Supermen of Malegaon


Supermen of Malegaon
Release date: June 29, 2012
Directed by: Faiza Ahmad Khan
Cast: Shafique, Nasir Shaikh, Akram Khan, Farogh Jafri

Supermen of Malegaon is basically an inside view of the micro-filmmaking experience. Nasir has a strong affinity towards Hollywood, he admires their techniques and innovative methods through whatever he got to watch in his semi-video library. He’s made a film that parodies the classic Sholay, and names it Malegaon Ke Sholay. This time, he ventures to make a spoof on Superman. He symbolizes the films made in Mollywood, i.e. Malegaon’s filmmaking unit.

Malegaon enjoys its bereft remains of cinema and the entire town runs on the handloom industry. Probably, any other village with the impending issues of job insecurity and power cuts. Nasir gets his quartet of writers to make the story ‘as strong as possible’ and presents two contradicting styles in Akram and Farogh. The former believes in a commercially viable, action-impact brand of writing and the latter is the embodiment of the content driven, character loving philosophical style.

Akram multitasks as per the evolving needs of the inner workings. Akram plays the bad guy of the film, mixes sound, sings, dubs and shaves his head. Shafique is our finalized Superman with a frail bodyframe. He knows that this is just a small step in his long way to his imagined success. Nasir keeps reaffirming that the entire filmmaking scene is his hobby and not a career alternative because he doesn’t hope to sacrifice his own vision by working with a more hundred people. Each character has certain dreams and aspirations, to make it big in cinema or monetarily.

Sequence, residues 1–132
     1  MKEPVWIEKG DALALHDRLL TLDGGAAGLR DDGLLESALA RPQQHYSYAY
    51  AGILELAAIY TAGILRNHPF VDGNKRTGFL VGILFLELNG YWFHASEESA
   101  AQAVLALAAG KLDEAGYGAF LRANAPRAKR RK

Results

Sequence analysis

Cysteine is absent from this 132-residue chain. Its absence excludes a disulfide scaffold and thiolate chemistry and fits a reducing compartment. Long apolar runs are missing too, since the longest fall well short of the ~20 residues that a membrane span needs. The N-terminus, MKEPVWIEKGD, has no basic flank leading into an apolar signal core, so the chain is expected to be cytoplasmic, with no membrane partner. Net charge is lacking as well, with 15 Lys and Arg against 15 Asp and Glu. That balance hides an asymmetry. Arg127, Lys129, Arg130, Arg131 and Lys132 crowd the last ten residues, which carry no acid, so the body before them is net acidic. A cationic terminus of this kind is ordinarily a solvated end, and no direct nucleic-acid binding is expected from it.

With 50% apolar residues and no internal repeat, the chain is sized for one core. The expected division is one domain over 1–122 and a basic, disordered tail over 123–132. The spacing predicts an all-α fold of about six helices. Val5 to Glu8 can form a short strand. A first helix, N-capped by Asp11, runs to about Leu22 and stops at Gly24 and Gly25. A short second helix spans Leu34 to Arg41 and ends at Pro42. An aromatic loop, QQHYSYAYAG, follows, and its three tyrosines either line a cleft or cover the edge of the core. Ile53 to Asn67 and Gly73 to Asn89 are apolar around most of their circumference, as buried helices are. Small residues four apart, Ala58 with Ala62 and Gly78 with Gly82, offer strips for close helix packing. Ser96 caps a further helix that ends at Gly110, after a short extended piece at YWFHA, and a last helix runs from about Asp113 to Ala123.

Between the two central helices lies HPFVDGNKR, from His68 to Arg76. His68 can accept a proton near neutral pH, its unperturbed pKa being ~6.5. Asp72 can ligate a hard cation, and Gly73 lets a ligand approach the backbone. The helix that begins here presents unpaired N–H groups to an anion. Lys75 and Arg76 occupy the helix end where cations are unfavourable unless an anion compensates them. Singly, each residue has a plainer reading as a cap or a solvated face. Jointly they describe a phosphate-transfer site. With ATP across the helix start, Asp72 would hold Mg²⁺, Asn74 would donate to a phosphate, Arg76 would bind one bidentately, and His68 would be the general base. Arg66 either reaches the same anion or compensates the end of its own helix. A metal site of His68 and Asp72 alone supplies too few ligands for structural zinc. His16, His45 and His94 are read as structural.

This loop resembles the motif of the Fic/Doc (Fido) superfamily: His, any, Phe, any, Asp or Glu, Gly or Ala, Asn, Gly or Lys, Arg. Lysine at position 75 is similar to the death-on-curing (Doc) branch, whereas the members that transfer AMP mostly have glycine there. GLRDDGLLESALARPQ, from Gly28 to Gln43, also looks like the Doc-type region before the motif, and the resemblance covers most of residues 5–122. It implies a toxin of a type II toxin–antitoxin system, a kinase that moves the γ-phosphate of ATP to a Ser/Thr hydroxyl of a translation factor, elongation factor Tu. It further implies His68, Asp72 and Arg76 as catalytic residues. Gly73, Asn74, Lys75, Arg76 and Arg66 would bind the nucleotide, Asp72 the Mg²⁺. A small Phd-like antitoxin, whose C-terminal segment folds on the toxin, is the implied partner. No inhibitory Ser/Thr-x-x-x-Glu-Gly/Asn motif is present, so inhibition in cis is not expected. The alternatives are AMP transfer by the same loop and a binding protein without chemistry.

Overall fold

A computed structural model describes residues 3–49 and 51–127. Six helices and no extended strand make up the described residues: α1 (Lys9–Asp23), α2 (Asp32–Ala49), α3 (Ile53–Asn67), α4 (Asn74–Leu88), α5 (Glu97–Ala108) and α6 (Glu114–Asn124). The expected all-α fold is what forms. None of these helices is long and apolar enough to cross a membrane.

The entire filmmaking experience is delightful to say the least. It shows you the difficulties faced while handling the camera and collecting funds and small-time maverick ideas by the makers to incorporate maximum ‘flying sequences’ of the Superman, because, why else would the audiences watch a film titled Malegaon ka Superman (Malegaon’s Superman) – along with the under-developed social and psychological ideologies of the majorly Muslim populated place. A special mention to the couplets in Hindi-Urdu that exemplifies almost every village in India. Supermen of Malegaon puts forth a mix of social pathos and highlighting of ordinary Supermen living even in the most conflicted regions.

Supermen of Malegaon also shows you how cinema – even after hundreds of years – still remains one of the most emotionally releasing and stimulating mediums of harmless intoxication for the working classes and the oppressed. It is a shame how this gem of a piece waited for years before seeing the light of the projecting rays in India, even after going through various film festivals.

It’s depressing how the ever-smiling Superman, Shafique isn’t alive to see the adulation that he longed for. Supermen of Malegaon is not a regular experience, watch it while it lasts.

My rating: ****1/2 (4.5 out of 5)

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